What if everything we know is wrong? What if the truths and skills learned and practised, the received wisdom sought out and applied, and the whole framework for how we go about our work were all as useful as a century-old map?
Two themes in scientific thought would seem to suggest just that. One is the growth in understanding of neuroscience, which challenges the premise of most economic theory since Adam Smith supposed that markets and economic activity were based on rational actions.
BBDO’s Andy Wilson told the AMES conference in Singapore last month, “We think we are Spock but in fact we are Homer Simpson.”
Wilson cited Professor Antonio Damasio, who writes: “We believe we are thinking beings that feel, whereas we are actually feeling beings that think.” Evidence that we make decisions using the spaces in our brains that power emotions, rather than cold logic, grows all the time, and our understanding of how the world works, and how communication persuades also needs to evolve.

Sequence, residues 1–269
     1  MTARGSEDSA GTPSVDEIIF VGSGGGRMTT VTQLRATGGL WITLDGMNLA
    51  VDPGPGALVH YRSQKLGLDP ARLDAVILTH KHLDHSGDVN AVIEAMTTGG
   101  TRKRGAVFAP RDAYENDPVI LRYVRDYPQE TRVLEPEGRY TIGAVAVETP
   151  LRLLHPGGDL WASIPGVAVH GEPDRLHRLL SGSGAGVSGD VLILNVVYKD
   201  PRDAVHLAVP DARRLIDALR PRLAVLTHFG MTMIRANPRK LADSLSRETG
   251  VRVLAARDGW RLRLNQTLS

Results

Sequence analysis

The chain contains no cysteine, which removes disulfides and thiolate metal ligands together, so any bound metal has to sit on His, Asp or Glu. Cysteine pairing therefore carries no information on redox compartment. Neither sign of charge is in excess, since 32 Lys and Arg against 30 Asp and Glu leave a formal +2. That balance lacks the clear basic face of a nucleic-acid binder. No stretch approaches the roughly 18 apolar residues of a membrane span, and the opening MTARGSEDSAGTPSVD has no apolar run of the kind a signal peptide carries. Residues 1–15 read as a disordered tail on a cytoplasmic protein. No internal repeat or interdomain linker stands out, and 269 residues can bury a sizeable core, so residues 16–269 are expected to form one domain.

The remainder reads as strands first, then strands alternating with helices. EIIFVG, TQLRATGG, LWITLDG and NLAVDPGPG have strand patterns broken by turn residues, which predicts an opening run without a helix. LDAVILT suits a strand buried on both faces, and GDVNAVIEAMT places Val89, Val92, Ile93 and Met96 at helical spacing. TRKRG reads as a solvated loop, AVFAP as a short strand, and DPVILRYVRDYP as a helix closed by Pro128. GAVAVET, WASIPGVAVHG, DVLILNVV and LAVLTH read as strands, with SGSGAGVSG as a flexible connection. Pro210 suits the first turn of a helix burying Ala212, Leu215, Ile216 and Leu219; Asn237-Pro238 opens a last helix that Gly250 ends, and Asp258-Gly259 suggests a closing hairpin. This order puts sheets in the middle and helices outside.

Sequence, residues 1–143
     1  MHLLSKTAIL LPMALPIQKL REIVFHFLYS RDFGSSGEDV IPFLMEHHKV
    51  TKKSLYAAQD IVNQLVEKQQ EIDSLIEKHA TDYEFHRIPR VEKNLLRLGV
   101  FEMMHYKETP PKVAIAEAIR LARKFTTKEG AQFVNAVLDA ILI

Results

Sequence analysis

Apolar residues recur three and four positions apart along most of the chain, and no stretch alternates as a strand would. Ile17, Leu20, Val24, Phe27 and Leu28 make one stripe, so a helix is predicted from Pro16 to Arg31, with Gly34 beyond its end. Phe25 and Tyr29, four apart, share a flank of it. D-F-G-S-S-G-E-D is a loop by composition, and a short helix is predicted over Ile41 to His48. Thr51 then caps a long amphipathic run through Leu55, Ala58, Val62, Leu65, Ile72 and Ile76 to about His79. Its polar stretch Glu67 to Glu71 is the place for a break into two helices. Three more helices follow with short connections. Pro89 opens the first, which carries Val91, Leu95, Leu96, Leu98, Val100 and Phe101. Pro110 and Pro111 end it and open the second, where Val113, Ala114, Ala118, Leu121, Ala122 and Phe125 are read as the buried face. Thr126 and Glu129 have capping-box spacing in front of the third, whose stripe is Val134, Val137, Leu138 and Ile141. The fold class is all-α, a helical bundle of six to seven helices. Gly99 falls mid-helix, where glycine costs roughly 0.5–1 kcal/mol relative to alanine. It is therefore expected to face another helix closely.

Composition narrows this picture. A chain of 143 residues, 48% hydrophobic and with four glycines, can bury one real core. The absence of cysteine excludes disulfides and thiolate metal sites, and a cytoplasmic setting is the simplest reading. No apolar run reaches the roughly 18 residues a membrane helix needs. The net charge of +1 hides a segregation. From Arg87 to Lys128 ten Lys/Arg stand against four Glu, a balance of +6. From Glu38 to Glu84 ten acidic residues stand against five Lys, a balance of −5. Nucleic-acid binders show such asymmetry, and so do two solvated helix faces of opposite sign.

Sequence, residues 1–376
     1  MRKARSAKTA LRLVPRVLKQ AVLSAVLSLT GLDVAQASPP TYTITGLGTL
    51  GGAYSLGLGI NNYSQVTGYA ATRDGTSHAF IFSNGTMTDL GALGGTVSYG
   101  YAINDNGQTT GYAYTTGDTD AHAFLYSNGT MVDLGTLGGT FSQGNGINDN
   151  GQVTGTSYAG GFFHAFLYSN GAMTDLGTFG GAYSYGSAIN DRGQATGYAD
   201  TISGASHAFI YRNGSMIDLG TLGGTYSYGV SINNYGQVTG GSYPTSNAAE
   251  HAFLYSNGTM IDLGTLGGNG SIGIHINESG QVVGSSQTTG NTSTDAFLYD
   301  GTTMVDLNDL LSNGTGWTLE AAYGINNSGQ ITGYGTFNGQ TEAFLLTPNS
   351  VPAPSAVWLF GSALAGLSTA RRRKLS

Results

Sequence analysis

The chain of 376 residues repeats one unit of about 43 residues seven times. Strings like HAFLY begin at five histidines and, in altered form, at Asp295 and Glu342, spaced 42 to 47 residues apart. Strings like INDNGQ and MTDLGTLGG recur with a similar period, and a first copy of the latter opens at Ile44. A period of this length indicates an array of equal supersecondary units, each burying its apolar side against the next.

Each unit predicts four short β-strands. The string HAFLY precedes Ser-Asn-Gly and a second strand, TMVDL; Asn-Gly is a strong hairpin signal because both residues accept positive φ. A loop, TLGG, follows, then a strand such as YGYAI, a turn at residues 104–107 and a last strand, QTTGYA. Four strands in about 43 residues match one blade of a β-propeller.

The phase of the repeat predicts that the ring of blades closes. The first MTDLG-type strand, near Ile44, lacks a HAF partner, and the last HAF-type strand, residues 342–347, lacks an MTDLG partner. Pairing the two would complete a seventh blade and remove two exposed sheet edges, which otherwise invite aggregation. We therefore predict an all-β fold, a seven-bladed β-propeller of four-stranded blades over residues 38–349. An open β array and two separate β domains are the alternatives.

Science also challenges the notion of deriving satisfaction from buying ‘things’. Over a decade’s work by Cornell Professor Thomas Gilovich suggests that experiences provide more and longer-lasting happiness. Even buying luxury goods only gives fleeting pleasure as we quickly need to assimilate them as being normal in our environment. Those of us who make or market ‘things’ had better sit up and take notice.
What we sell and how we sell it are being challenged, and the pace of change is logarithmic rather than linear. There’s never been a more intriguing time to be in marketing—or one where trusted navigation systems often lead us down blind alleys. More than ever brands need to open a window into what moves people.
James Thompson is global managing director of Diageo Reserve (Diageo’s luxury portfolio). Follow or tweet him @JamesThompson1